How does childhood trauma affect the brain?
Originally Published on November 15, 2011 on
Written By
Jane Simington
PhD, Grief & Trauma Educator and Therapist

Healthy bonding and attachment are crucial to development from the first days of life. Well cared-for babies are able to process and integrate both positive and negative experiences. This helps them add adaptive learning to their repertoire of behaviors and attitudes allowing them to more readily manage the stressors in life. In addition, positive early experiences are crucial to optimal organization and development of right brain mediated functions.

When healthy attachment and bonding does not occur and/or if the child lives in a situation of neglect or abuse, these life circumstances will be processed through the right hemisphere as highly charged emotions and body sensations. Persistent fear and the child’s overall responses to that fear can alter the brain’s development, resulting in changes in physiological, emotional, behavioral, cognitive and social functioning.

The developing brain is very sensitive to stress and childhood trauma. Studies show that exposure to violence and unpredictable or chronic stress results in functional deficits. These include:

* Smaller than average cerebral cortex

* Decreased size of the hippocampus

* Decreased size of the corpus callosum

* Decreased GABA (neuromodulator required to calm the limbic system

* Underdevelopment of the orbito- frontal cortex

* Poor integration of the left and right hemispheres

An integrated brain requires connections between the hemispheres by the corpus callosum. The poor integration of the hemispheres and the underdevelopment of the orbito-frontal cortex account for such symptoms as difficulty with impulse control and emotional regulation, an inability to accurately recognize emotions in others, and to articulate one’s own emotions.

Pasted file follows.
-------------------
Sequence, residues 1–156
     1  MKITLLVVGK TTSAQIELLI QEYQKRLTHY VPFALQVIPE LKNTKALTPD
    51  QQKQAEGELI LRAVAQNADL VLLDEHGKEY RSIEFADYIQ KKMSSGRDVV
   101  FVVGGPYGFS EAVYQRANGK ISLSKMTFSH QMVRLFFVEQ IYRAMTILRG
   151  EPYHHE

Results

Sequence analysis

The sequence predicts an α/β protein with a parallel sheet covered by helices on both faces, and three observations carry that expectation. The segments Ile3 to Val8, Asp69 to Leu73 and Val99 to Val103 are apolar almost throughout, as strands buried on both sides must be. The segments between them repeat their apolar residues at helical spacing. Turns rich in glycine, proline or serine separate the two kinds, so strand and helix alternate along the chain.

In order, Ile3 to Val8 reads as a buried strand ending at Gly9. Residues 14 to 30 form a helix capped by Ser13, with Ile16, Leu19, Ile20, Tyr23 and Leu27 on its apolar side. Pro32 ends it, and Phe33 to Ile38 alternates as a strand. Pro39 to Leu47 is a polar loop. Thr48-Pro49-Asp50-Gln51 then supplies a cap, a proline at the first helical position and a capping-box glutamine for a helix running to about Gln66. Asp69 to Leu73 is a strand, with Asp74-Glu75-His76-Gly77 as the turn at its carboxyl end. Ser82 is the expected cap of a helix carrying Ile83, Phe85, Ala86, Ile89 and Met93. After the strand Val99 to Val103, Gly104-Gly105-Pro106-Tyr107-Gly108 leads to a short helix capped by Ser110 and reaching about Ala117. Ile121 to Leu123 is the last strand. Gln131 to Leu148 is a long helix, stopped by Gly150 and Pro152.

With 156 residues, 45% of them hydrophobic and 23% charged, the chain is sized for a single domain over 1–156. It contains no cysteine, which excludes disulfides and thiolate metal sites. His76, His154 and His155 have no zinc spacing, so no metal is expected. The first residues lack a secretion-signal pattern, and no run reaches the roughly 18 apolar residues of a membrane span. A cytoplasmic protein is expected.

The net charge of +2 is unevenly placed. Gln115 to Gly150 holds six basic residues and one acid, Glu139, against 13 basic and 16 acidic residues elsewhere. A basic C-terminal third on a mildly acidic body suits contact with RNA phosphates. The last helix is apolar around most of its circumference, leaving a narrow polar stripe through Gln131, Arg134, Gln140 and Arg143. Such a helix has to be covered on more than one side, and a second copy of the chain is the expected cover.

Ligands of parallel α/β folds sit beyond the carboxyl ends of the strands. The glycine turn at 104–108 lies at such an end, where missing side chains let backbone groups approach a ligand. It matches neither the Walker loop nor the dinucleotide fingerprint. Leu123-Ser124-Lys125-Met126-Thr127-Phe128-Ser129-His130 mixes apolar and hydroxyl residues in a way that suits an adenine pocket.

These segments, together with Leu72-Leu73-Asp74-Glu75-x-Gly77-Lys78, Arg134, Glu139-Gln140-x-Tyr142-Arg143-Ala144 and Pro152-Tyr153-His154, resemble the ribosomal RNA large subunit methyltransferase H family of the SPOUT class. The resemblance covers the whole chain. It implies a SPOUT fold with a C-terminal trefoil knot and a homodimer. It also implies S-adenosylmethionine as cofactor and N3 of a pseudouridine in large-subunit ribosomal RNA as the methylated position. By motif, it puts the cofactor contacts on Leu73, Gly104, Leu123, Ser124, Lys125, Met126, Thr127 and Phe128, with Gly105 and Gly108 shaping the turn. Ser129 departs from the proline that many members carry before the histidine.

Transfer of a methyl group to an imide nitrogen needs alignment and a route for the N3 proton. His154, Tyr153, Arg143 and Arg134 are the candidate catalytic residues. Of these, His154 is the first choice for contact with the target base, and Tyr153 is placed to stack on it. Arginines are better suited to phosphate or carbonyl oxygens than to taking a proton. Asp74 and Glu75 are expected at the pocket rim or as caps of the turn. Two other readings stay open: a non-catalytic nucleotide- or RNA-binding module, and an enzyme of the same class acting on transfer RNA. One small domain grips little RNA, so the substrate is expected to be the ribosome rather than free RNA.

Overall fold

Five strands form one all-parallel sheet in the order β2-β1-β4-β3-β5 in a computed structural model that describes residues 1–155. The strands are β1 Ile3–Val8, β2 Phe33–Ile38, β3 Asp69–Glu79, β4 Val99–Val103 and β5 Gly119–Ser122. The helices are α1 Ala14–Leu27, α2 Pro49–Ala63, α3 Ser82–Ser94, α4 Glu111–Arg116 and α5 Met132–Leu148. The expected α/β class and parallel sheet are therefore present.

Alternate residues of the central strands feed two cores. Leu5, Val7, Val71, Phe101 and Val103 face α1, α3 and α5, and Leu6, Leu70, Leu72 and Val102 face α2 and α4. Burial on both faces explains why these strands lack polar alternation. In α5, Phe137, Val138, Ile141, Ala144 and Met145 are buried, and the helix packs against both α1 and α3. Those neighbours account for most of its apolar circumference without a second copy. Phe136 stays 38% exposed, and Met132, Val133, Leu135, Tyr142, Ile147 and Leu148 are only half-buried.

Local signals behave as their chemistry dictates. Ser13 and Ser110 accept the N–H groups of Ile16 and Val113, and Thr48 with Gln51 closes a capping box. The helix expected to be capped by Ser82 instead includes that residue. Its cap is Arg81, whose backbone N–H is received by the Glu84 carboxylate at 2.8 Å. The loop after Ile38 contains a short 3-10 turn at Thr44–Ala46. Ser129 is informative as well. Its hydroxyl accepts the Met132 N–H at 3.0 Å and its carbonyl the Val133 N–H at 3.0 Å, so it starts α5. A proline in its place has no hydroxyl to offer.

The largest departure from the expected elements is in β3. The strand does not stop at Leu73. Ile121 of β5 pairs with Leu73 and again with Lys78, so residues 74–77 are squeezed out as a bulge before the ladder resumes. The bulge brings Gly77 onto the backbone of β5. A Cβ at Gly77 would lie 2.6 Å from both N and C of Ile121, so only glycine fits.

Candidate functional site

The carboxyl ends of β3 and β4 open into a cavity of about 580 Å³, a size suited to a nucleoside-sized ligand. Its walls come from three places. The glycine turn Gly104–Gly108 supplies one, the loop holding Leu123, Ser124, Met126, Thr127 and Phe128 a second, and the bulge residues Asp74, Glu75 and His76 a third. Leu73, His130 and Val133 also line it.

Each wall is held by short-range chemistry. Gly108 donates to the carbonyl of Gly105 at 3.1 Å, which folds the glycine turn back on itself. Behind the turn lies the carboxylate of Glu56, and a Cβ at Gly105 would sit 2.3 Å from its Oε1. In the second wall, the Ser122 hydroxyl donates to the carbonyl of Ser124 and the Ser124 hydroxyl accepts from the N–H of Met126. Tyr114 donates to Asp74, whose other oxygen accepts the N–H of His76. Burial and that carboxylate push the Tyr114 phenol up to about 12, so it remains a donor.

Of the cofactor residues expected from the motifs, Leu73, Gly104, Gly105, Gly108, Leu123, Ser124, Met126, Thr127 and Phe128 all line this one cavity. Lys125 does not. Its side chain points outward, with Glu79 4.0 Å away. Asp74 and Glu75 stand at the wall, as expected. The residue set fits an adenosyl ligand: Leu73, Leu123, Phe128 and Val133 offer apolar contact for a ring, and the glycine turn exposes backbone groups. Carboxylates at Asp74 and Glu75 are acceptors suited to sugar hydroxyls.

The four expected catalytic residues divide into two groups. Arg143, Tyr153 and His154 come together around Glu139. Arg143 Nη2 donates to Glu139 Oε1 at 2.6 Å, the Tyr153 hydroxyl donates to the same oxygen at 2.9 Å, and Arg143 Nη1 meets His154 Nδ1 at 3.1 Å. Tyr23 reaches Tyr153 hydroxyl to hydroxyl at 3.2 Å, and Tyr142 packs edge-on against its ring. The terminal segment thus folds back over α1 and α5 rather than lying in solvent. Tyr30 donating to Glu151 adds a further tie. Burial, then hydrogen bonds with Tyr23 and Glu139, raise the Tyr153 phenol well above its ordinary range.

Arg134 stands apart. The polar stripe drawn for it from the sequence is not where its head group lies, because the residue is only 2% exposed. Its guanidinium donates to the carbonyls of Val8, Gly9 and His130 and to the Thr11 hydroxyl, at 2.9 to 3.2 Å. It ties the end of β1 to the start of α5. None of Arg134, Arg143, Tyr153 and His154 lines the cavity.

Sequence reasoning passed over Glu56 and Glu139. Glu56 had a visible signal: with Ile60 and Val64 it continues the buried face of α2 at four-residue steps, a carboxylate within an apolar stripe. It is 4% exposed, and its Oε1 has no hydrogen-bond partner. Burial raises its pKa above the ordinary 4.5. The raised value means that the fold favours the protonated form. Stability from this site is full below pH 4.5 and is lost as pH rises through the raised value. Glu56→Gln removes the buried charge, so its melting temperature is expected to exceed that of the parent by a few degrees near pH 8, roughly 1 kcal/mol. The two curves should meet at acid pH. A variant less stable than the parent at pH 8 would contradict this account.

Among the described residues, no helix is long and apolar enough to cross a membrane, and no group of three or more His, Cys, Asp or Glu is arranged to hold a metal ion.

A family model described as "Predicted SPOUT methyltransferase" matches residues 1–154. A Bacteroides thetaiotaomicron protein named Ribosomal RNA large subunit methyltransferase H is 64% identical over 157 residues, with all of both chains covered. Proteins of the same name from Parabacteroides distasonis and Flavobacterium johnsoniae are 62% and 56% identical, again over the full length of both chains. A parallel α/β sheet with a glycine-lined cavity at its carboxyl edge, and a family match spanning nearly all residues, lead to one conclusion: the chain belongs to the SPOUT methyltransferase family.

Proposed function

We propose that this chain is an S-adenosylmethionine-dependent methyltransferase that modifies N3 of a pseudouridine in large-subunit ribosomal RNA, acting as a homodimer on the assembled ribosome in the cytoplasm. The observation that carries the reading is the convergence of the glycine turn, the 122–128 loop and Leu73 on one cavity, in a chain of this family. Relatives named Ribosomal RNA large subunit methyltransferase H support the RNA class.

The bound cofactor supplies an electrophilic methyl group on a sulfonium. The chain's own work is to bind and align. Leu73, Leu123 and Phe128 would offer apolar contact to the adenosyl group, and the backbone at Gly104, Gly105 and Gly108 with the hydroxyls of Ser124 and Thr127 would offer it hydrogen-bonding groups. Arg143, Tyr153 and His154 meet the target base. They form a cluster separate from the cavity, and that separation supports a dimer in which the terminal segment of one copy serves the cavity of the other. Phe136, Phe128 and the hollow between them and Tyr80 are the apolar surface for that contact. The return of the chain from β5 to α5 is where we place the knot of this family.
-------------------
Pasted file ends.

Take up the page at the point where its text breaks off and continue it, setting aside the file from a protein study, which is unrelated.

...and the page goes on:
Chronic childhood trauma cause elevated levels of neuro-endocrine hormones. High levels of these hormones can damage to the hippocampus, which is critical for memory. The effects of early maltreatment on a child’s development are profound and long lasting. They interfere with attention and retention of information and thus affect the child’s learning abilities. They interfere with the child’s ability to form positive relationships, thus resulting in the child’s inability to move into their teens and adult years as a well adjusted human being

Author's Bio: 

Dr. Jane A. Simington, Ph D, is the owner of Taking Flight International Corporation and the developer of both the Trauma Recovery Certification Program and the Grief Support Certification Program. As a therapist and professor, she combines her professional background in both Nursing and Psychology, with her own experiences of grief, trauma, growth and transformation, along with an extensive knowledge of energy-transfer-healing, dream interpretation, art and guided imagery, to help and heal people of both genders, across the life span, and across cultures.

Dr. Simington is a frequent keynote and conference presenter, focusing on her research and clinical interests in change and transition, dying, grief and trauma, holistic health, personal empowerment, spiritual well-being and team building with spirit. Jane is committed to giving powerful and impactful presentations that leave her audiences feeling inspired and with a solid take- away message to put into immediate action.

Jane’s work is featured in her internationally sold books, Journey to the Sacred: Mending a Fractured Soul, and Setting the Captive Free, the booklet, Responding Soul to Soul, the award winning films, Listening to Soul Pain and Healing Soul Pain and on the CD’s, Journey to Healing, Releasing Ties That Bind, and Retrieving Lost Soul Parts.

Dr. Jane A. Simington is 2011 YWCA Woman of Distinction for Health & Medicine, Global Televisions Woman of Vision and profiled as the “Nurse to Know” in The Canadian Nurse Journal, June 2011.